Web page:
Does your child spend too much time in front of screens? The 5 signs that “ring a bell”

There are many reasons why a child should not spend too much time in front of a screen. The scientific team of the Pediatric Ophthalmology Department of Greece, however, focuses on the risks to children’s vision from excessive use of screens, and what parents can do to limit their children’s exposure to screens…

Did you know that screens…

1. They reduce outdoor playtime, which can cause myopia: Children who spend most of the day indoors are more likely to develop myopia. One of the causes leading to this is lack of contact with sunlight. The rate of childhood myopia has increased dramatically over the past 30 years. “Exposure to natural light is important for a child’s development and also their vision,” says Dr. Coseis Nicholas. “Children need to play outdoors to improve their physical fitness and also their vision.

2. Tiring eyes: The fatigue is even more pronounced when the lighting in the room is bright and causes reflections on the screen. Positioning the screen correctly in relation to the eyes, at a level slightly below eye level, and adjusting the room lighting to avoid unwanted reflections will reduce symptoms. Long hours of focusing the eyes on a screen tires the eyes. “The eyes need breaks,” says Dr. Magda Triantafyllas, “something that children forget as they become obsessed with what they are doing and lose track of time.”

3. They dry and irritate the eyes: Concentrating the gaze on a screen reduces the rate of blinking, resulting in drying and irritation of the eye surface. The disturbed moisture of the eye surface, apart from causing discomfort, also causes blurred vision. Children who have this problem often blink, tear, have red eyes and feel that something is bothering them. Frequent moisturizing of the eyes with artificial tears relieves them.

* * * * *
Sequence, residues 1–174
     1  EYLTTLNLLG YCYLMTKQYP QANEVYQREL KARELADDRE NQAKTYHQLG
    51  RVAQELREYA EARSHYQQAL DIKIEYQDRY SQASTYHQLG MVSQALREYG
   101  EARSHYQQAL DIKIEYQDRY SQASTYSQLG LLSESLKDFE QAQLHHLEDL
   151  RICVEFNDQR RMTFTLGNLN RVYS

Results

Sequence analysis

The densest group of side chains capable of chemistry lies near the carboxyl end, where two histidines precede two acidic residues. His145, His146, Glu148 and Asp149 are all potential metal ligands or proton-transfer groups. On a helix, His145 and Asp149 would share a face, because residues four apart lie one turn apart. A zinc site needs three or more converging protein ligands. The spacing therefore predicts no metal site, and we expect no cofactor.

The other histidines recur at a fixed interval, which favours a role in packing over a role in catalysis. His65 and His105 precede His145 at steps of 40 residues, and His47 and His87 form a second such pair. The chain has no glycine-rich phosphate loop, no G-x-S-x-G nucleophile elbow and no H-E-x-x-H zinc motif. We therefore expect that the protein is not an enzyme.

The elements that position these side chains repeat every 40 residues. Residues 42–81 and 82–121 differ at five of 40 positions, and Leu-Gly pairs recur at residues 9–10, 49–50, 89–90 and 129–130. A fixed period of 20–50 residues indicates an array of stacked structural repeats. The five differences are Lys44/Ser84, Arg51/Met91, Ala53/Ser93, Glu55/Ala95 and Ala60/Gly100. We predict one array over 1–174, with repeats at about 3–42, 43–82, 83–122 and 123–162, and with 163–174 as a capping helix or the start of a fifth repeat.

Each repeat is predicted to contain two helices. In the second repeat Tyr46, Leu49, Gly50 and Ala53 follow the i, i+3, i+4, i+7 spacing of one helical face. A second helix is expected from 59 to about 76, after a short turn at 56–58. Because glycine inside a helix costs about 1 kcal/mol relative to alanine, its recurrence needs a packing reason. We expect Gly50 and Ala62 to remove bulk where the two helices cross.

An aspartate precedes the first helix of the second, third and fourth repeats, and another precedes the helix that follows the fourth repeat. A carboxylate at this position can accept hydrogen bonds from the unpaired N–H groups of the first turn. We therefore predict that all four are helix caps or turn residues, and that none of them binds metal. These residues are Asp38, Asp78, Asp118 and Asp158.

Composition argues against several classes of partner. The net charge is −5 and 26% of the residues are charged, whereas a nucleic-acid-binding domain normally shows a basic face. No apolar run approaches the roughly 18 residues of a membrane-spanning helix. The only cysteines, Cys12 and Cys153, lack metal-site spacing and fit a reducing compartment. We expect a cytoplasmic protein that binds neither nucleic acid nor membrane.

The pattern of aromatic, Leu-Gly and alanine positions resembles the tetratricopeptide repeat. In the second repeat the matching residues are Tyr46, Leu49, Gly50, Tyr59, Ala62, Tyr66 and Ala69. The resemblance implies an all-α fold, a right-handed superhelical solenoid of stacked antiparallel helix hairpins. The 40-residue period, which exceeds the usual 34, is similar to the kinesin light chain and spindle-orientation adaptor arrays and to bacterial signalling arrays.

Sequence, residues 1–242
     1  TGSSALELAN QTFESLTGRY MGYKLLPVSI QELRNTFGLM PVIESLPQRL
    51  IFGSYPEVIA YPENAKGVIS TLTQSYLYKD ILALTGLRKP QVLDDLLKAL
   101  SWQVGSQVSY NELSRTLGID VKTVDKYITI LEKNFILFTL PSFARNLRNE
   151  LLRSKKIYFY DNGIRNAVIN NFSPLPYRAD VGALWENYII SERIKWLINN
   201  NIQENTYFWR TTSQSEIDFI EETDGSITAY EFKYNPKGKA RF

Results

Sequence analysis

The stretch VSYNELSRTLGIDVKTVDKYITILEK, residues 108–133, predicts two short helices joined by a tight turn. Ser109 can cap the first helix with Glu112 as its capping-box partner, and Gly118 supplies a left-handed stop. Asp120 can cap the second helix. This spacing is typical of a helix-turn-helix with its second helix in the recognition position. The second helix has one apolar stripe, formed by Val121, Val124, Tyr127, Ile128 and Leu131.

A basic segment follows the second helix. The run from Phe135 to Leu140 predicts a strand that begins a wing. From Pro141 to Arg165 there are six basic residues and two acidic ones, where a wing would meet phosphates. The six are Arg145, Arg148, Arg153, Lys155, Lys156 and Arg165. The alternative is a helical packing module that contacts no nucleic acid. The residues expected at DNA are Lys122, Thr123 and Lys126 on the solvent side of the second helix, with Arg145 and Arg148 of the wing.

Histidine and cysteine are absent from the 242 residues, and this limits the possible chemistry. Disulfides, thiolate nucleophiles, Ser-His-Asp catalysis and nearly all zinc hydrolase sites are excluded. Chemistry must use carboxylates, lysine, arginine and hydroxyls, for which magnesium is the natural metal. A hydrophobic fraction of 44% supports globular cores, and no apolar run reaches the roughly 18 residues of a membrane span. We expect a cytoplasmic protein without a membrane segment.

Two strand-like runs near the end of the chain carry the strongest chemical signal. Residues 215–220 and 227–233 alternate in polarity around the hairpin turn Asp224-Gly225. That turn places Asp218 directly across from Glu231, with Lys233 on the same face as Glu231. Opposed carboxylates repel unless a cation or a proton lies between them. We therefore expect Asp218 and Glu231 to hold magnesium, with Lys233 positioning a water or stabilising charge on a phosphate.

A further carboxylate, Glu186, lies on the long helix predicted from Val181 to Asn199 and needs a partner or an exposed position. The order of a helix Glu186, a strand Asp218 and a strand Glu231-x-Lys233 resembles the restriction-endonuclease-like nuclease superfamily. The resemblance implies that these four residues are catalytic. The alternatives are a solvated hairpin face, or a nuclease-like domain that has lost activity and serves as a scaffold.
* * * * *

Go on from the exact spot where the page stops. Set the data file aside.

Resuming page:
4. They reduce the ability to focus at various distances: When the eyes remain focused at a close distance for long periods, children find it difficult to adjust their vision to another distance. However, this is a transient problem and is solved by playing outdoors.

5. They cause sleep disturbances: Research has shown that the blue light from screens, when used at night, can alter sleep patterns. The brain, which receives this light through the eyes, thinks it is daytime and not evening, thus altering its biological clock and keeping the child awake. The use of glasses with special filters for blue radiation has been shown to help in many cases.

What should parents do?

1.Set clear limits on screen time. Here are some ways:

  • Set a limit on daily screen time and stick to it.
  • Encourage your child to play outdoors.
  • Create some habits, such as no screen time in the car, at restaurants, mealtime, etc.
  • Ban screen use before bedtime.
  • Teach your children with your behavior. Show them how to live a healthy, balanced life by substituting screen use with other activities.

Dr Nikos Kozais encourages parents to teach their children the 20-20-20 rule when using a computer, tablet or mobile phone. This rule requires that for every 20 minutes of continuous screen use, the child should look away (20 feet/10 meters) for 20 seconds. The same practice should be followed by adults.

2. Have their children’s eyes examined as a precautionary measure. The visually demanding times we live in require frequent and regular eye examinations, especially in childhood, when the visual system is still developing and is not ready to take the burden of intense visual activities. A comprehensive preventive eye examination by a qualified paediatric ophthalmologist, which differs in many ways from an adult examination, is required at least once a year, starting in the sensitive preschool years.

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